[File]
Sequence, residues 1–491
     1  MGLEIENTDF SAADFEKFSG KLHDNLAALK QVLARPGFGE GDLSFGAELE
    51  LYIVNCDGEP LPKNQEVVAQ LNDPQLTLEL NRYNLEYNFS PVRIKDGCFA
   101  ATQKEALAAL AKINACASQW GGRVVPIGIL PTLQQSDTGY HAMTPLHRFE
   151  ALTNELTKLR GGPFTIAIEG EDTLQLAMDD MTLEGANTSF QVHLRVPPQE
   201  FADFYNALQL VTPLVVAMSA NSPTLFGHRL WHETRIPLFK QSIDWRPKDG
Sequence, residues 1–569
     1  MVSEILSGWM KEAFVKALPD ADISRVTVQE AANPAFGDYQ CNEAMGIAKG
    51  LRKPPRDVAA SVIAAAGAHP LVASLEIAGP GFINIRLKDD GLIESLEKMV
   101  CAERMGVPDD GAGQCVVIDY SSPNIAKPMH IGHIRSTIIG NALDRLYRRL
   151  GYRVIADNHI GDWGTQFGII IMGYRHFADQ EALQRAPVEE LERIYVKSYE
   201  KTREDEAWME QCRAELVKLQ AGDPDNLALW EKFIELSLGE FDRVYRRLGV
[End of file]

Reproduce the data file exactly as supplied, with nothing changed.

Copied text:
Sequence, residues 1–491
     1  MGLEIENTDF SAADFEKFSG KLHDNLAALK QVLARPGFGE GDLSFGAELE
    51  LYIVNCDGEP LPKNQEVVAQ LNDPQLTLEL NRYNLEYNFS PVRIKDGCFA
   101  ATQKEALAAL AKINACASQW GGRVVPIGIL PTLQQSDTGY HAMTPLHRFE
   151  ALTNELTKLR GGPFTIAIEG EDTLQLAMDD MTLEGANTSF QVHLRVPPQE
   201  FADFYNALQL VTPLVVAMSA NSPTLFGHRL WHETRIPLFK QSIDWRPKDG
Sequence, residues 1–569
     1  MVSEILSGWM KEAFVKALPD ADISRVTVQE AANPAFGDYQ CNEAMGIAKG
    51  LRKPPRDVAA SVIAAAGAHP LVASLEIAGP GFINIRLKDD GLIESLEKMV
   101  CAERMGVPDD GAGQCVVIDY SSPNIAKPMH IGHIRSTIIG NALDRLYRRL
   151  GYRVIADNHI GDWGTQFGII IMGYRHFADQ EALQRAPVEE LERIYVKSYE
   201  KTREDEAWME QCRAELVKLQ AGDPDNLALW EKFIELSLGE FDRVYRRLGV